Why accepting imperfection makes your life perfect
I think perfections is overrated! So you want to be perfect? Paint the perfect painting? Bake the perfect cake? Be the perfect wife? Be the perfect mother? Be the perfect daughter?You bet you do, because this is what we see all around us, perfect images of perfect lives. So many ‘likes’ and ‘loves’ that we’ve come to believe that we need to up our game, smarten our act, learn more and work harder to achieve perfection. But what if we could accept that being less than perfect was ok, in fact, it is better than ok, it’s almost perfect!
It’s ok to get a B-
Perfection is something that I aspire too. In my work, in my life, pretty much in everything I do. But sometimes I think that constantly striving for perfection leads to unhappiness. I’m not suggesting that it’s ok to do shoddy work, or not give your best, but sometimes you have to accept that your best is good enough, in fact it can be much more than good enough. We’d all like an A*, but sometimes it’s ok to get a B-. That’s what I learnt this week when I listened to an interview by life coach Susie Moore. Suzie said that “good enough, is good enough, lose all the pressure, take the pressure off being perfect!”
How do you take the pressure off being perfect?
I’m all for taking the pressure off whenever I can, or so I think. Yet I am my own worst enemy when it comes to evaluating my art work. When I post a painting on social media it may get lots of ‘likes’ but if I don’t think it’s the best thing I’ve ever done, then I kind of devalue them. Almost to the point where I wonder why they are liking my painting at all. Does this sound a little crazy? does it sound at all familiar? When someone says ‘you look good in that’ do you immediately think, ‘yes, but not as good as I could look’ or do you thank them and enjoy the moment? I suspect, that like me, your first thought might be that I’m not as good as I could be. Wouldn’t it be great if you could just enjoy the compliment and accept yourself for where you are right now?
The search for perfection leads to procrastination
The constant strive for getting it just right can be a real hindrance for an artist, or in fact anyone. Because the feeling that you’re not going to get it right, not going to paint the perfect picture can stop you dead in your tracks. I know because for the last ten years this fear has made me procrastinate to the point where I would do anything rather than just paint. I would have “just one more cup of tea”, “just quickly hoover”, “just check my email”, just, anything rather than face my fear of imperfection. Even writing this blog post takes such an effort to push through the fear of not being good enough. This procrastination can lead to stress, self doubt even self loathing at times. It’s a high price to pay for perfection.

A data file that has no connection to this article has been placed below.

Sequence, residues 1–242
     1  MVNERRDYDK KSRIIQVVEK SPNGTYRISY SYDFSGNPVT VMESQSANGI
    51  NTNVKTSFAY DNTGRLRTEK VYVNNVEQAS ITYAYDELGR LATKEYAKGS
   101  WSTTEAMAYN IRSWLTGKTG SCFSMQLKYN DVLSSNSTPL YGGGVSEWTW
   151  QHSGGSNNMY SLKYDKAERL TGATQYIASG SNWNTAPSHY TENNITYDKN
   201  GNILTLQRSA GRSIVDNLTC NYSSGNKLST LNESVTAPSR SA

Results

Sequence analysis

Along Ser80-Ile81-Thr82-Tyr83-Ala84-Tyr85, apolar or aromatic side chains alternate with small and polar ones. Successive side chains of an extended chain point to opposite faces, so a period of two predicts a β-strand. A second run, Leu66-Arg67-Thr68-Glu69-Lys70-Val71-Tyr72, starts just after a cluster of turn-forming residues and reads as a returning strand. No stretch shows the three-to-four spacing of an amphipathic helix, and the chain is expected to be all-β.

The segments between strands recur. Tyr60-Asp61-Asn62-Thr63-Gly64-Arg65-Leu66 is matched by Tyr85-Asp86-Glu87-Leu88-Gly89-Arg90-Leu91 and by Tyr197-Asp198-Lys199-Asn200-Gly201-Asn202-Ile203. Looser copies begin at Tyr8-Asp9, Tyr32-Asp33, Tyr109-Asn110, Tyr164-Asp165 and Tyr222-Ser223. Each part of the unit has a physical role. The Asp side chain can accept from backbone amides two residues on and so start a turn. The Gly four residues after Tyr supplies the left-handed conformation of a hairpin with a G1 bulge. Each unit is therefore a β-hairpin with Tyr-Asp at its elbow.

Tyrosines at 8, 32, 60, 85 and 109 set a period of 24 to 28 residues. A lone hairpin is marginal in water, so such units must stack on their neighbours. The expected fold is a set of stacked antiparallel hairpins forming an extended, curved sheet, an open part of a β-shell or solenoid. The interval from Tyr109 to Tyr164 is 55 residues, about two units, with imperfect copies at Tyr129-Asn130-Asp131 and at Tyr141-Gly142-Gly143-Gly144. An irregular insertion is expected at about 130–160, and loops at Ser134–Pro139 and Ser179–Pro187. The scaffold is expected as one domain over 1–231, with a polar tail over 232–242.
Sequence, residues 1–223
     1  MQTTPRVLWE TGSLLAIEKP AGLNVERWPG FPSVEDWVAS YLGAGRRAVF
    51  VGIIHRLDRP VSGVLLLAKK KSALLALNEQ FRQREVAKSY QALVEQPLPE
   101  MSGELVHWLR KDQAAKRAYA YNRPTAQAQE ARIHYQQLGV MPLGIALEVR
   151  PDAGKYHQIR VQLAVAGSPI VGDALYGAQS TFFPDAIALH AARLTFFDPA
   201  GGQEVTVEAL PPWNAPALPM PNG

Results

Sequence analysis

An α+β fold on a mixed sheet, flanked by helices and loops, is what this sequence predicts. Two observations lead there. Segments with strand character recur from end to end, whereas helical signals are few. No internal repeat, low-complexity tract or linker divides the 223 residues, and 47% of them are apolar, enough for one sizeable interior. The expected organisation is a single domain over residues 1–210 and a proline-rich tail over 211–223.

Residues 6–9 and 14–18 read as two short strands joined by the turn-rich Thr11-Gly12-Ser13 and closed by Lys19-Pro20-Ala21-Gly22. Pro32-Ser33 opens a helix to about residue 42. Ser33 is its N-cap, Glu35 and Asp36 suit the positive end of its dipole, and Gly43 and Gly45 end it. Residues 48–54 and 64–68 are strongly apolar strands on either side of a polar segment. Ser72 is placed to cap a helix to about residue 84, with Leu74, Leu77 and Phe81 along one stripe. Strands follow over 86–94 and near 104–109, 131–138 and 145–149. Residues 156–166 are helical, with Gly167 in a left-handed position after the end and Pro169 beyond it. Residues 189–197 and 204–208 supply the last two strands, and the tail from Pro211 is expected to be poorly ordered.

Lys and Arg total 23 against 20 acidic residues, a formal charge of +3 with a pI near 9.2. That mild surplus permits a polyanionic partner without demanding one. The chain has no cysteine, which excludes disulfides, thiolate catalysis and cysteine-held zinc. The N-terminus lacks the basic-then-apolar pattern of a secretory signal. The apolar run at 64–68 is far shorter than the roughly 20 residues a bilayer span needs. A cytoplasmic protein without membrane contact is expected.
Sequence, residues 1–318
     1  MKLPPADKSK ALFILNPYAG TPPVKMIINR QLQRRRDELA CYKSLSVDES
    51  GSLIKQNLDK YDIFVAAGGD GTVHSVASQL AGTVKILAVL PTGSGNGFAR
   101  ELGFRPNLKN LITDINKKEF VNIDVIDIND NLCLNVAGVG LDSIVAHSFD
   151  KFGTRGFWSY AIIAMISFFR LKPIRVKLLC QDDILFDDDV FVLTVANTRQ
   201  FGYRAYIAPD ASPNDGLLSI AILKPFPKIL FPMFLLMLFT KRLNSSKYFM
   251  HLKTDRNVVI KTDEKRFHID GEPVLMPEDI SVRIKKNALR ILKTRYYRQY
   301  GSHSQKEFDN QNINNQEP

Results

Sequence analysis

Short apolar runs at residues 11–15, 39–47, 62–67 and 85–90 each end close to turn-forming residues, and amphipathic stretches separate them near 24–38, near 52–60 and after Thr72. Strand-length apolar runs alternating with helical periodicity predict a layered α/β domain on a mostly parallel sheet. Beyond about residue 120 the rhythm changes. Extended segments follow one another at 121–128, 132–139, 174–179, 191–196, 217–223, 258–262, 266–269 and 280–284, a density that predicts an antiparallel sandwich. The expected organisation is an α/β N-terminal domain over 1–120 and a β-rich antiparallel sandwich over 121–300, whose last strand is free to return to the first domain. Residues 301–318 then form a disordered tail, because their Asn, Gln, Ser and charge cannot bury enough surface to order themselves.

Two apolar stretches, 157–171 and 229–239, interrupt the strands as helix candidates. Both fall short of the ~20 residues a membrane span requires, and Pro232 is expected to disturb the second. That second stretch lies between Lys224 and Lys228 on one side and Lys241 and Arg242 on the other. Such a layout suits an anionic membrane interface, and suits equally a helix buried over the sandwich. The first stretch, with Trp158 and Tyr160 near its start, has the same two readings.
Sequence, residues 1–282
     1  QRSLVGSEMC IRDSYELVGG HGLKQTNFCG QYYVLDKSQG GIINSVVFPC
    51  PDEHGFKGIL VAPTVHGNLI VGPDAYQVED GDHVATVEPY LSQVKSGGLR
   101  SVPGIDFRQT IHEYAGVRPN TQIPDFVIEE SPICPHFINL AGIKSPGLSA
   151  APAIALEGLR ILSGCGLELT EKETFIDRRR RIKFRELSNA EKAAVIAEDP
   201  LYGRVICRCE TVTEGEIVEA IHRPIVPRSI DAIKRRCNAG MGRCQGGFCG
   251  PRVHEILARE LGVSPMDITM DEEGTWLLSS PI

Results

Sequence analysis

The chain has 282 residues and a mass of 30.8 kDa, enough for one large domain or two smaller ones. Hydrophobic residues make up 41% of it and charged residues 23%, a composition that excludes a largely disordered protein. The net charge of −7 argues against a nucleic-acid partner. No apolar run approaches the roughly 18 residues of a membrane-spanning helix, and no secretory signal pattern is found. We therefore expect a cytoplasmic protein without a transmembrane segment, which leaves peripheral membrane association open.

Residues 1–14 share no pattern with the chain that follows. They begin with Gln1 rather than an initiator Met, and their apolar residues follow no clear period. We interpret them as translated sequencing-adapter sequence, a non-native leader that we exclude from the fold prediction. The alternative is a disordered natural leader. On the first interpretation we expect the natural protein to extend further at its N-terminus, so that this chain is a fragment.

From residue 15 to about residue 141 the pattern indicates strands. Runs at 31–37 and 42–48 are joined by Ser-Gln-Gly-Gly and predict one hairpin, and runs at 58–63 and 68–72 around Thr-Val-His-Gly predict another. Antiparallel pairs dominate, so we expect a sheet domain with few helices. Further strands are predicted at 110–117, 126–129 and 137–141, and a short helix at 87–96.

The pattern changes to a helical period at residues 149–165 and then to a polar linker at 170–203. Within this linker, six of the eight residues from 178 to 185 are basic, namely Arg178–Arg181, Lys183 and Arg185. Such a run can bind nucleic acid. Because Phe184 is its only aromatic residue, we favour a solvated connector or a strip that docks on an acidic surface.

We need acceptance not perfection
I have come to accept that I will never paint the perfect painting and I probably won’t ever write the perfect blog post! I may love it today, but I probably won’t feel the same way tomorrow, next week, or next year. I can only paint the painting that I am able to paint today. The important thing is to make the painting. Show up in the studio. Put the paint on the board and then put the painting out into the world. Whatever people think about it is not my concern, that’s up to them and it’s not personal. Whenever I go into the studio fear is sitting on my shoulder telling me that I’m wasting my time, that my painting isn’t as good as ‘another artist’. These are just self limiting beliefs, and they’re not true and they’re not helpful. I’m learning to accept the fear but make art anyway.
Forget your perfect offering!
One of my favourite lyrics is by the late great Leonard Cohen, Anthem
“Forget your perfect offering… There is a crack, a crack in everything… That’s how the light gets in…”
I am reminded of this song whenever I think a painting is not quite perfect and I let the light in…
My work is already perfect
Until this year I have experienced my art practice as work, something that I strived to do well but the results always fell short of my expectations. Lately I have come to realise that my art practice is my joy and place of refuge. Some days I like what I paint, sometimes I don’t. The reality is it doesn’t matter, it’s just a painting, I will make many more paintings. The wonderful thing is that all of my paintings are uniquely mine, no-one else could have made them. They are perfect, just the way they are. So the next time someone says ‘you look great’ believe them, feel good about yourself and know that you really are perfect just the way you are.
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